Earlier last year, Sen. Corey Booker (D-NJ) introduced legislation that would not only legalize marijuana but also expunge past marijuana-related convictions and "penalize states with racially disparate arrest or incarceration rates for marijuana-related crimes." According to The Washington Post:
[Booker's bill] would withhold some criminal justice funding from states that haven't legalized marijuana if they exhibit racially disproportionate arrest or incarceration rates. In effect, this would apply to each state in which marijuana is not currently legal: A 2013 ACLU report found that nationwide, blacks were nearly four times as likely to be arrested on marijuana charges as whites, despite similar rates of use of the drug. Booker's legislation would effectively encourage states to legalize marijuana to avoid these penalties.
While the bill won't pass in a Republican-controlled Senate, it symbolizes a strong step forward in the fight to legalize marijuana.
But U.S. Attorney General Jeff Sessions has spoken publicly about his opposition to marijuana and marijuana legalization. Sessions claims marijuana is nearly as dangerous as heroin, and says “there’s more violence around marijuana than one would think.”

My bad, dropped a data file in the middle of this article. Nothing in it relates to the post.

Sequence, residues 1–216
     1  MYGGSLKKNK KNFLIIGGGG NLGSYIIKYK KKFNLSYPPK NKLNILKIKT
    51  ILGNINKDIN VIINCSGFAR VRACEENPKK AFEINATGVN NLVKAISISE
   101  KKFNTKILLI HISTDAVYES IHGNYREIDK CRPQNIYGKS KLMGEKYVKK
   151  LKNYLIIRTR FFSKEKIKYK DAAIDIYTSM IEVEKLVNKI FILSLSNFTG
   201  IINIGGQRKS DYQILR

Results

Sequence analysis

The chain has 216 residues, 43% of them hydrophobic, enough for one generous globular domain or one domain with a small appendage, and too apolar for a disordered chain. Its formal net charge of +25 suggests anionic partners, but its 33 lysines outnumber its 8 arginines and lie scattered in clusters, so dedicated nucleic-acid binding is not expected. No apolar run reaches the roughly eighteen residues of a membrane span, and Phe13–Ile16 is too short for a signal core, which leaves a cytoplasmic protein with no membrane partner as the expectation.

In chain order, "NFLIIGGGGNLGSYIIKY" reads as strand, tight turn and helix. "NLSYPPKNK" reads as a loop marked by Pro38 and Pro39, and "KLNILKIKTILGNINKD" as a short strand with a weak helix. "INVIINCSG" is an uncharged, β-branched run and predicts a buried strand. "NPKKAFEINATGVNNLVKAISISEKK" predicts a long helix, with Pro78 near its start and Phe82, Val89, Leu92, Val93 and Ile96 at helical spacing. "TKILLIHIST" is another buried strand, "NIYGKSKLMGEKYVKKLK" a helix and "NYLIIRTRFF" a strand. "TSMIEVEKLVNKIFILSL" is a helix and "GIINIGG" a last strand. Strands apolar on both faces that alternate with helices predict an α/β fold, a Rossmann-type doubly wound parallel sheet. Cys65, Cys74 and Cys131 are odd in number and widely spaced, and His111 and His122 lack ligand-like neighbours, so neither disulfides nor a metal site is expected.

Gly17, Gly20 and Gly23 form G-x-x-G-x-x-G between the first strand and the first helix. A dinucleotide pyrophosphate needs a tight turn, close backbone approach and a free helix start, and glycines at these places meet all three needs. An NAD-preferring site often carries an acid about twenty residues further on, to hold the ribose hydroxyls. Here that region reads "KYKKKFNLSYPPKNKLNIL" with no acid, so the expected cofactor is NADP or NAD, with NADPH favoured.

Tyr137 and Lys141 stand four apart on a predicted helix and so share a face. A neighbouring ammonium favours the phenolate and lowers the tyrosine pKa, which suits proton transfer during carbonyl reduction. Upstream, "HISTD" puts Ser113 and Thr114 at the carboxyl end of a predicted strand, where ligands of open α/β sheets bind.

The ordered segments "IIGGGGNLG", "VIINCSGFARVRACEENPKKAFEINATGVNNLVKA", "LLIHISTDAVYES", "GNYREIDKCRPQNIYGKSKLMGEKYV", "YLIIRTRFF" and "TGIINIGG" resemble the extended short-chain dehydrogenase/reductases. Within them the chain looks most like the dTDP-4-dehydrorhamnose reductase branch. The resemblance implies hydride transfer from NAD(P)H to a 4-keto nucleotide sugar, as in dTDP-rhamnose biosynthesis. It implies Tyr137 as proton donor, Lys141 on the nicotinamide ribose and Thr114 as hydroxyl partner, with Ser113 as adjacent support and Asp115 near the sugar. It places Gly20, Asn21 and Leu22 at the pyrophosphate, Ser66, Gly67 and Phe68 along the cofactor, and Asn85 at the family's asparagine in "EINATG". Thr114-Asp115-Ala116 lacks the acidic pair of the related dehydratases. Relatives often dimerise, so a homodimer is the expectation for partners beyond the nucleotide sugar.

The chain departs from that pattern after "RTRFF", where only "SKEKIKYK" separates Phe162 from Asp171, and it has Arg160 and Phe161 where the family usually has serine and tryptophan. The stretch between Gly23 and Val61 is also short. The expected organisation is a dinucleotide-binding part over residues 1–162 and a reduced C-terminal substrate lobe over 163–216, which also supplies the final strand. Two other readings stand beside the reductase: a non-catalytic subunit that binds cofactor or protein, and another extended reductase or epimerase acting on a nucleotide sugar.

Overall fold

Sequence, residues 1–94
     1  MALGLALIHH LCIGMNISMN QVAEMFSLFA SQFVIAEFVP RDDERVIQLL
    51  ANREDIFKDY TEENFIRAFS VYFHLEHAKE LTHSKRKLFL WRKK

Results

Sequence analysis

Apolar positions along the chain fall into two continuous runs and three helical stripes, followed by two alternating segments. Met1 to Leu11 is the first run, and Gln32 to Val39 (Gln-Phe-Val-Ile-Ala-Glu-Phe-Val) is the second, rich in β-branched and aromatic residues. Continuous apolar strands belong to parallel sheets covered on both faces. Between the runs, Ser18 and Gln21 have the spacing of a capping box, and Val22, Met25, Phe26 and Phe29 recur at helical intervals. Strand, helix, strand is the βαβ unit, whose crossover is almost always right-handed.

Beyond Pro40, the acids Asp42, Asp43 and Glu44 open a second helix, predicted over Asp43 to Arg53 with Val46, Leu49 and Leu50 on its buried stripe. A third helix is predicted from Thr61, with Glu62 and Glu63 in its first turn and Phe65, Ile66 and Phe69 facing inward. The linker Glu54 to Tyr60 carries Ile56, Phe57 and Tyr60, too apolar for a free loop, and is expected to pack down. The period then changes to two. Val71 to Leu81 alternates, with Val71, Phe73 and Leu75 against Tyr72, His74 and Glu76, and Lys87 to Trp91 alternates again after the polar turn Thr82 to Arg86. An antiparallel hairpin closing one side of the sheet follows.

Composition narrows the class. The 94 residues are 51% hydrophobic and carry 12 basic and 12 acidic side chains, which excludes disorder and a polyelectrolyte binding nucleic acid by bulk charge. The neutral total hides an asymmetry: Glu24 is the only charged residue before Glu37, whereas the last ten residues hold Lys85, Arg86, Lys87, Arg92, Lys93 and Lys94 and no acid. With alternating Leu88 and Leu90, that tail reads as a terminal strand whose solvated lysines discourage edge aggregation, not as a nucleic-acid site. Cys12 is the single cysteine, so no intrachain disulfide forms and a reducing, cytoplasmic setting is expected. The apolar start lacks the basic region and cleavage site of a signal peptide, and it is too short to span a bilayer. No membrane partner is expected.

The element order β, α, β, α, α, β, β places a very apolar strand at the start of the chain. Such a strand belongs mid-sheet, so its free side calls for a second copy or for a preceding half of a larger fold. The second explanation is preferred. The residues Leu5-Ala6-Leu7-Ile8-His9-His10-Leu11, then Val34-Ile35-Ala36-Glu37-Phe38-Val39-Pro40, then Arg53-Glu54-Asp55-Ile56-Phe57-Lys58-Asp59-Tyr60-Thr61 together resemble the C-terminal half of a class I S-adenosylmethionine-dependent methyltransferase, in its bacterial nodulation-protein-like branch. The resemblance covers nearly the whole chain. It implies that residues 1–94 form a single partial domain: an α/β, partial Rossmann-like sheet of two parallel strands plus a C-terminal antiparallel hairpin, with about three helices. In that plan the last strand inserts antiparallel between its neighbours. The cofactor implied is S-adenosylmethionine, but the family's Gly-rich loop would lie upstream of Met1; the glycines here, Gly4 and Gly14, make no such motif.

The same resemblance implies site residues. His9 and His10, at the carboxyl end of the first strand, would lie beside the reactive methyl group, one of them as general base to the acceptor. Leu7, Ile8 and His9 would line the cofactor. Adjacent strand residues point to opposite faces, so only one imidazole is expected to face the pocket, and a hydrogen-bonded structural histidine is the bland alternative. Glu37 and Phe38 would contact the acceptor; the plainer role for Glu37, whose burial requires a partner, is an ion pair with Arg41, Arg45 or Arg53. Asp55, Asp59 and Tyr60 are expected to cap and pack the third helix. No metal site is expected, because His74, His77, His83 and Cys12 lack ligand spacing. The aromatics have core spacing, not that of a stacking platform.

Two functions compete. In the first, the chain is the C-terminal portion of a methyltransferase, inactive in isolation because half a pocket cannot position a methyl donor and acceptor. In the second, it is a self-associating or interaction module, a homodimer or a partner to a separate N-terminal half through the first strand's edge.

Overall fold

"Our nation needs to say clearly once again that using drugs will destroy your life."
Sessions and his supporters agree that the goal should always be to reduce drug use in society, not encourage it. He recently sent a memo in which he urged prosecutors to seek the death penalty for drug traffickers.
Canada just legalized cannabis nationwide, and decriminalization advocates say the United States needs to follow suit. The opportunities for medical solutions and the revitalization of our economy are simply too great to pass up.
But even in states like New Jersey and California where cannabis business is legal, individual towns and townships have banded together to ban cannabis sales within their boundaries. Many civic leaders and citizens simply don't want dispensaries or marijuana in their towns.